Three Reporters from ‘La Hora de Cuba’ Fined 1,000 Pesos

The communicators were summoned on Monday morning by two political police officers. (Facebook)

14ymedio bigger14ymedio, Havana, 23 August 2021 — The reporters of La Hora de Cuba, Iris Mariño, Neife Rigau and Henry Constantín were fined this Monday with 1,000 pesos for the alleged crime of “public disorder” for which State Security tried to charge them after they tried to cover, as journalists, the protests of the July 11 (11J).

Constantín, director of the independent media, confirmed the imposition of the fines during a live broadcast through the social network Facebook, shortly after leaving the State Security Operations headquarters in the Garrido district of the city of Camagüey.

As of July 21st, when the three reporters were released, they were serving a sanction of “home confinement” and this monetary penalty “closed” the case against them. “We are somewhat happy although the sanction is unfair, none of us should be sanctioned for demonstrating peacefully,” added the journalist.

Mariño, Rigau and Constantín were summoned on the morning of this Monday by two political police officers who passed their homes on motorcycles to verbally announce that they should attend the meeting, although at no time “did they show up or leave a citation.”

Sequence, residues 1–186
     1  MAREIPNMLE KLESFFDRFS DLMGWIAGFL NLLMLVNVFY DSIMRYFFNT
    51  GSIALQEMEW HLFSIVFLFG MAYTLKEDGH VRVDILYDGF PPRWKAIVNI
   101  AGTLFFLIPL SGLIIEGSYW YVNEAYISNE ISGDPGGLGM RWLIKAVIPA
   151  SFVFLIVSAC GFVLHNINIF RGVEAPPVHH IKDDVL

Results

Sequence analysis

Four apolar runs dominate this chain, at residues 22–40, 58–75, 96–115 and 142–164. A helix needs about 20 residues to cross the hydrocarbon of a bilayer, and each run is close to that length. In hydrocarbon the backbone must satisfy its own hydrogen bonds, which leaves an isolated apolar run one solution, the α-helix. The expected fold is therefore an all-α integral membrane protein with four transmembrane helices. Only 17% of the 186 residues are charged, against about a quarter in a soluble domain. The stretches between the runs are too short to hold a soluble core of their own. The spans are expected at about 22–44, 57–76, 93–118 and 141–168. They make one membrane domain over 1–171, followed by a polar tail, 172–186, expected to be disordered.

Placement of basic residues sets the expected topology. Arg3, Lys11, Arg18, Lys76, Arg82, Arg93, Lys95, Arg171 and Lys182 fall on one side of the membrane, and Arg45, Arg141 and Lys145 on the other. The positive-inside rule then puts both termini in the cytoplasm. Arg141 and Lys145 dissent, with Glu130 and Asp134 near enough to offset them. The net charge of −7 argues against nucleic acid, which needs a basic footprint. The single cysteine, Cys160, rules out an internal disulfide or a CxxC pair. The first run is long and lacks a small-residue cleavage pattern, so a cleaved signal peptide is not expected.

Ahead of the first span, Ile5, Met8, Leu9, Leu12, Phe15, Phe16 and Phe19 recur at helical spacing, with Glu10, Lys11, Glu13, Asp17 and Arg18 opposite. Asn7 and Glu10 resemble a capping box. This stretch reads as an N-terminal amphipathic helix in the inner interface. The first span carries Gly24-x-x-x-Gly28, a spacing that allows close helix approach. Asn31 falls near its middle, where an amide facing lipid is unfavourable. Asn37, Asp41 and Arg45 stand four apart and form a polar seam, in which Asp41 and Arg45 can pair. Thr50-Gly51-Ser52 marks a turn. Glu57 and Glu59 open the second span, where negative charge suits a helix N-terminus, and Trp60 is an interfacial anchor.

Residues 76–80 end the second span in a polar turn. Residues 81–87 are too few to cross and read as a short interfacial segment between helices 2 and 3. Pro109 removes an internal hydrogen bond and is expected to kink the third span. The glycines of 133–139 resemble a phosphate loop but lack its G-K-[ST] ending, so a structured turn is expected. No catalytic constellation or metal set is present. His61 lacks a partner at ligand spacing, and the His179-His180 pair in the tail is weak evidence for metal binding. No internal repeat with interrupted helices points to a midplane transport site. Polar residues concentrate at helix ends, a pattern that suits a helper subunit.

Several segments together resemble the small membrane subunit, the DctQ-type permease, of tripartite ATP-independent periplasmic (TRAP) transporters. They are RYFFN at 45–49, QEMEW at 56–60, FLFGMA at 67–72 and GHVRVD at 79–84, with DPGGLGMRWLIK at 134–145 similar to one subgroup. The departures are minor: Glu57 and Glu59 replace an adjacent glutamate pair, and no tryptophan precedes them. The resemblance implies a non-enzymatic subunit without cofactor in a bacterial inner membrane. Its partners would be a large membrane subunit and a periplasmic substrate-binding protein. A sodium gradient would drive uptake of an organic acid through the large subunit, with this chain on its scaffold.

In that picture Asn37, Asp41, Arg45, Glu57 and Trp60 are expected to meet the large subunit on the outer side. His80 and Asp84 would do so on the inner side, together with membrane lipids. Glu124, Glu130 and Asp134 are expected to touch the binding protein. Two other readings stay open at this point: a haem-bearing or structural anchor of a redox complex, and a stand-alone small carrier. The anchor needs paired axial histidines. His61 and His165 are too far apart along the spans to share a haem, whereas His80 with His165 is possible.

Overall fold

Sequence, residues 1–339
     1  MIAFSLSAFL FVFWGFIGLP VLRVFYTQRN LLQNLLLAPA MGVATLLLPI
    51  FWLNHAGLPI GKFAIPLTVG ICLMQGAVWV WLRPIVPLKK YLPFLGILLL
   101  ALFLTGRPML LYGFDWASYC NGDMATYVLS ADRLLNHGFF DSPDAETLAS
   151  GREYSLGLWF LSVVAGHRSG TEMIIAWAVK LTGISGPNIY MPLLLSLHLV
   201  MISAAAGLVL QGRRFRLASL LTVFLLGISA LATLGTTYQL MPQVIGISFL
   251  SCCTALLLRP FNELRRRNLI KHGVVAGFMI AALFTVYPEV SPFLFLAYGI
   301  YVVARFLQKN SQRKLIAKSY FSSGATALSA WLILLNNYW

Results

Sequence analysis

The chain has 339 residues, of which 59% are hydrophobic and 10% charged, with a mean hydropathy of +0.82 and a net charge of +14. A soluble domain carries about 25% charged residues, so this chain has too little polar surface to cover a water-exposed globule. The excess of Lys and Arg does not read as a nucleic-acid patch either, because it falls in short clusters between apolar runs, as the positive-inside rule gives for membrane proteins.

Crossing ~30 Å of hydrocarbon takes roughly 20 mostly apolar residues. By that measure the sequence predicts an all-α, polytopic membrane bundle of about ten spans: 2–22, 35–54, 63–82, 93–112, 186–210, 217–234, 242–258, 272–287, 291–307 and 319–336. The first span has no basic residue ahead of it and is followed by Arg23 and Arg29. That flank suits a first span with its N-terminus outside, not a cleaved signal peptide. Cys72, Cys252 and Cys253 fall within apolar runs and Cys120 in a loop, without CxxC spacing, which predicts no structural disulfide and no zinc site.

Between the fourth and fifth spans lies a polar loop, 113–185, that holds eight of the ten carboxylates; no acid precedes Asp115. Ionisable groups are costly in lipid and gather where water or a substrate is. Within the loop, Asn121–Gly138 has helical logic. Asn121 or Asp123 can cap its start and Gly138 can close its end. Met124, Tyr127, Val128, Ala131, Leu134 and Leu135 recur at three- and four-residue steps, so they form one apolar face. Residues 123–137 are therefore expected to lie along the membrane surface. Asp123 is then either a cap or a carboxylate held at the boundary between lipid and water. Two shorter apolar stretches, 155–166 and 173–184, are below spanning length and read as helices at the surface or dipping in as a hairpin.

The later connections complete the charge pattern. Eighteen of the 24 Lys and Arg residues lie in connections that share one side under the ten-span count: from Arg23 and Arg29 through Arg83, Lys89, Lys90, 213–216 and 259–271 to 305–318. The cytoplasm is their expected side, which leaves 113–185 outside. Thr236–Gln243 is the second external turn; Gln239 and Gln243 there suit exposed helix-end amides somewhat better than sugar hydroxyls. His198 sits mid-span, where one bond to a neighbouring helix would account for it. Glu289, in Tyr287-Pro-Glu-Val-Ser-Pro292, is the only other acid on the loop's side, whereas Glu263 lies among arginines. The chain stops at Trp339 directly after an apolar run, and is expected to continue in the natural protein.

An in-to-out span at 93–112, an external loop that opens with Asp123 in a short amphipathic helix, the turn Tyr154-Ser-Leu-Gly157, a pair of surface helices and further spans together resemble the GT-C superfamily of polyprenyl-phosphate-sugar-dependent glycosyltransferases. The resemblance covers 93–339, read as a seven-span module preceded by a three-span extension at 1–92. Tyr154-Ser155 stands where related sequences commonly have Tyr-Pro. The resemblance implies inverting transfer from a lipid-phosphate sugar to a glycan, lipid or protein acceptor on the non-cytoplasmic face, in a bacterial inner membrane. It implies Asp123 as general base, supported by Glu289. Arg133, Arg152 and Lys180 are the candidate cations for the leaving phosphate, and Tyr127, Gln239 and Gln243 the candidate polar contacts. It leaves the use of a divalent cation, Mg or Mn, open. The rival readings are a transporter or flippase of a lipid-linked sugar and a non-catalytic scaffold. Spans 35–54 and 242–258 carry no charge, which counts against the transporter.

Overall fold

In his brief speech, the director of the magazine also reported that he had heard that the opposition activist Félix Navarro, also arrested after the 11J protests, is on a hunger strike in a prison in Matanzas. The former Black Spring prisoner was infected with covid-19 and was hospitalized a few days after his arrest.

According to La Hora de Cuba activist Bárbaro de Céspedes, known as El Patriota, was released from prison this Monday “with a precautionary measure of home confinement,” after being locked up since last July 11 for participating in the protests. The journalists of this Camagüey publication have been frequently harassed by the police authorities, who prevent them from carrying out their work. Constantín and Mariño were threatened with prosecution for a crime of “usurpation of legal capacity” — that is working as journalists without a license to do so, in a country that refuses to license independent journalists.

After learning of the reporters’ arrest on July 11, the Inter-American Press Association demanded the immediate release of Constantín, Rigau and Mariño, who had been imprisoned in the police unit known as Second Station.

For its part, the Committee to Protect Journalists (CPJ) also demanded the release of the independent media’s reporters and others under arrest, while urging the government to release them “immediately and unconditionally.”

“Cuban authorities have responded to the largest anti-government protests in the country in decades with expected hostility, attacks on members of the press and interruptions in internet service,” said Ana Cristina Núñez, CPJ researcher for Central and South America.


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